Man Accused Of Making Deadly Drugs Pleads Guilty
FARGO, N.D. (AP) — A North Dakota man who described himself to police as a “hobby chemist” and was accused of cooking up synthetic drugs that led to the overdose deaths of two teenagers pleaded guilty to five counts Monday.
Court documents portray Andrew Spofford as a “leader, organizer, manager, and supervisor” in a conspiracy to deal synthetic substances and other drugs in the Grand Forks area. The case in federal court has led to calls for tougher laws against homemade drugs designed to mimic the effects of marijuana, stimulants and LSD.
The five counts that Spofford pleaded guilty to included conspiracy to distribute controlled substances resulting in serious bodily injury and death. He also admitted to dealing cocaine, marijuana and ecstasy, and delivering a drug meant to counteract effects of the hallucinogens that did not have instructions for use.
“Do you want to accept the plea agreement?” U.S. District Judge Ralph Erickson asked.
“I do,” the 22-year-old Spofford replied. He will be sentenced next year.
Spofford’s attorney, John Goff, had no comment after the hearing. The plea agreement was not immediately on file.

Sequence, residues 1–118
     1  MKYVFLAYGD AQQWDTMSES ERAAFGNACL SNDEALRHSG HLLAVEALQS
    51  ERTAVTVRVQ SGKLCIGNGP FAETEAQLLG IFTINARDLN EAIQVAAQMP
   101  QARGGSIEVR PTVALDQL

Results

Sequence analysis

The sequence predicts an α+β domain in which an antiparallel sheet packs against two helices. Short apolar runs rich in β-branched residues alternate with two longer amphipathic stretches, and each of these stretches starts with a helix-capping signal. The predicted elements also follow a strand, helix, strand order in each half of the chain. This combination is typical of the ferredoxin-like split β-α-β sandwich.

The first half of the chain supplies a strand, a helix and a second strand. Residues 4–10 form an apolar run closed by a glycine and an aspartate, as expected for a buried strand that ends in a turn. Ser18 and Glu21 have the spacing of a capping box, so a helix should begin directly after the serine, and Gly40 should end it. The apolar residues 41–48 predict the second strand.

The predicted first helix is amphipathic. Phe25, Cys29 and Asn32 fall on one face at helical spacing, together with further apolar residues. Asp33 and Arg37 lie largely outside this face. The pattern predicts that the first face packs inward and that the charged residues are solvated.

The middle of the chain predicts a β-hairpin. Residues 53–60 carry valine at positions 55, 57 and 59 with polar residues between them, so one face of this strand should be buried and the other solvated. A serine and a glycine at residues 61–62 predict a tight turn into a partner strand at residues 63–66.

Christian Bjerk, 18, of Grand Forks, and Elijah Stai, 17, of Park Rapids, Minn., died within a week of each other in June after ingesting the hallucinogens. Stai is believed to have ingested powder that was mixed with melted chocolate, cooled and eaten like candy, police said.
Other people reportedly required medical treatment from the batch of synthetic drugs. Assistant U.S. Attorney Chris Myers said Monday that one juvenile who ingested some of Spofford’s drugs was hospitalized in intensive care “for quite some time.”
Authorities said Spofford manufactured the drugs by mixing chemicals ordered on the Internet from the United States, Europe, India and China. Spofford told investigators he cooked the drugs in his home.
Spofford is one of several people charged in the case that has spanned local, state and federal jurisdictions. North Dakota Attorney General Wayne Stenehjem told lawmakers at a hearing earlier this month that the use of synthetic drugs is becoming epidemic in the state.
Spofford faces a maximum sentence of life in prison and a minimum mandatory sentence of 20 years. Prosecutors have said they would recommend a sentence at the low end of the guideline range. Sentencing is set for Jan. 24 in Fargo.
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